I reported earlier about a federal judge who had slapped down the government over the way they abused their no-fly lists to harass people who had little or no recourse, because they were not told they were on the list or how they could get off it.
In another ruling issued on January 22, 2014, U.S. District Judge Anthony Trenga rejected the government’s request to dismiss a case brought by Gulet Mohamed, a U.S. citizen who alleges that he was prevented from returning to the United States from Kuwait because he appeared on the No Fly List, and that he was subsequently subjected to beatings and mistreatment while in detention in Kuwait.
Judge Trenga was unsparing in describing the consequences of inclusion on the No Fly List: “The impact on a citizen who cannot use a commercial aircraft is profound,” he wrote, and “placement on the No Fly List is life defining and life restricting across a range of constitutionally protected activities and aspirations.” In short, in Judge Trenga’s words, “a No Fly List designation transforms a person into a second class citizen, or worse.”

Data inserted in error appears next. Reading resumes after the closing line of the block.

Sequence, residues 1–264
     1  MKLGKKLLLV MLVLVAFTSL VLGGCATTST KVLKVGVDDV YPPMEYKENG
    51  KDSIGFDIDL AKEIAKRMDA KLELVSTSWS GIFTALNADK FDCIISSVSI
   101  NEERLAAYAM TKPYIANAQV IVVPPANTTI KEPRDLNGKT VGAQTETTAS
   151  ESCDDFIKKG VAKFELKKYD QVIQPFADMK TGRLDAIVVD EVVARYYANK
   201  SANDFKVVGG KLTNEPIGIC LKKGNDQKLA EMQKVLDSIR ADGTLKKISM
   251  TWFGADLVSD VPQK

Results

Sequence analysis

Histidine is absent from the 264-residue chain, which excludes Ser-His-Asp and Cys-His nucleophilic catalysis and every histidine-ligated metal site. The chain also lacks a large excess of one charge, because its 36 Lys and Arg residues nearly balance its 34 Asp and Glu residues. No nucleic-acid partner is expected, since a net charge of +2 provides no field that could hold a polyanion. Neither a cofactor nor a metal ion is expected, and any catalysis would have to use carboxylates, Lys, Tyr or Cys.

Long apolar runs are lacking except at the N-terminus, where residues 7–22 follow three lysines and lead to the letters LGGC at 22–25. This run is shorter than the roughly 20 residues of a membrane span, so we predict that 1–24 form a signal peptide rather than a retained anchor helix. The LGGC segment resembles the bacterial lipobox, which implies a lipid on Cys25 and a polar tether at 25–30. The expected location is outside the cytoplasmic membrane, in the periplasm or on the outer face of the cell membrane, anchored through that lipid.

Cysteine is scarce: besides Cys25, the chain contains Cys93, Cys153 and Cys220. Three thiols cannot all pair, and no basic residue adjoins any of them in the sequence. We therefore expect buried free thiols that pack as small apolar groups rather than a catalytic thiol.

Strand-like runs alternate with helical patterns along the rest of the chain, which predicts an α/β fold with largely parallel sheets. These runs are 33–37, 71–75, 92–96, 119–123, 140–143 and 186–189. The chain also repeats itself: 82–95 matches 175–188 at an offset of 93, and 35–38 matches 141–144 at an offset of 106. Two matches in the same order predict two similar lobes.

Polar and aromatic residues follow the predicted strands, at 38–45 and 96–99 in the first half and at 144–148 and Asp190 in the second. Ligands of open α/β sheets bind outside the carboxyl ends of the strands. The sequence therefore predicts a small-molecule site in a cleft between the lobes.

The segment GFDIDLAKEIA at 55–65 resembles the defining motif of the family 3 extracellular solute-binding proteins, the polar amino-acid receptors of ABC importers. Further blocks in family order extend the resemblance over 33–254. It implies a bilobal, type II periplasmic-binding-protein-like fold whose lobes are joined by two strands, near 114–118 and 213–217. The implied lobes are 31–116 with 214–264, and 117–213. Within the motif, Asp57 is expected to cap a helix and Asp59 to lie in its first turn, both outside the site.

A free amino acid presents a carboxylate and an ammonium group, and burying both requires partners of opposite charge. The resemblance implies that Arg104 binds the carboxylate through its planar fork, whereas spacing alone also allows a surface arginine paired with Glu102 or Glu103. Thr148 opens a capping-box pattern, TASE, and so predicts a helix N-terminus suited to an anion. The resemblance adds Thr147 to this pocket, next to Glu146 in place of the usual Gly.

Judge Trenga echoed — and cited to — the judge’s decision in the ACLU’s lawsuit, which we filed in June 2010 on behalf of 13 U.S. citizens, including four military veterans, who were barred from flying to, from, or within the United States because of their apparent placement on the No Fly List. In our case, the judge added that “[t]he realistic implications of being on the No Fly List are potentially far-reaching,” and can prevent a listed person from traveling by air, sea, or land.
Gulet Mohamed’s situation provided a textbook case of the problems with the list.
The government has refused to say why it would have placed Mohamed on the no-fly list; in fact, the government won’t even confirm that Mohamed, or anyone else, is on the list at all. The government says only that people are placed on the list when it has “reasonable suspicion to believe that a person is a known or suspected terrorist.”
Trenga wrote that a citizen’s right to due process should provide a meaningful opportunity to challenge the government’s rationale for placement on the list.
Mohamed, an Alexandria resident and naturalized U.S. citizen, was 19 when he was detained by Kuwaiti authorities in 2011. Mohamed says he was beaten and interrogated at the behest of the U.S. and denied the right to fly home.
U.S. authorities allowed Mohamed to fly home after he filed a federal lawsuit, but Mohamed says he remains on the list without justification.
You can read judge Trenga’s order here. This ruling rejected a procedural hurdle thrown up by the government. The ruling on the actual case is due shortly.